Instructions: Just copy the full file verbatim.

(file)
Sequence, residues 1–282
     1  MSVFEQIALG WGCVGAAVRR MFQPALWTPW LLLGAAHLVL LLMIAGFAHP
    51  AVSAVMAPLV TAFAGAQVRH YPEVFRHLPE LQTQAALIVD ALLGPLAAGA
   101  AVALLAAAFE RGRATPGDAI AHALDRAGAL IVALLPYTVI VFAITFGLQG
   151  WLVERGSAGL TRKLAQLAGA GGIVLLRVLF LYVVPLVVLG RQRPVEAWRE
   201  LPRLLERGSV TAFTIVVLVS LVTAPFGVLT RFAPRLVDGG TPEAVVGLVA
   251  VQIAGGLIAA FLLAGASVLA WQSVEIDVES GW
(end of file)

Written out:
Sequence, residues 1–282
     1  MSVFEQIALG WGCVGAAVRR MFQPALWTPW LLLGAAHLVL LLMIAGFAHP
    51  AVSAVMAPLV TAFAGAQVRH YPEVFRHLPE LQTQAALIVD ALLGPLAAGA
   101  AVALLAAAFE RGRATPGDAI AHALDRAGAL IVALLPYTVI VFAITFGLQG
   151  WLVERGSAGL TRKLAQLAGA GGIVLLRVLF LYVVPLVVLG RQRPVEAWRE
   201  LPRLLERGSV TAFTIVVLVS LVTAPFGVLT RFAPRLVDGG TPEAVVGLVA
   251  VQIAGGLIAA FLLAGASVLA WQSVEIDVES GW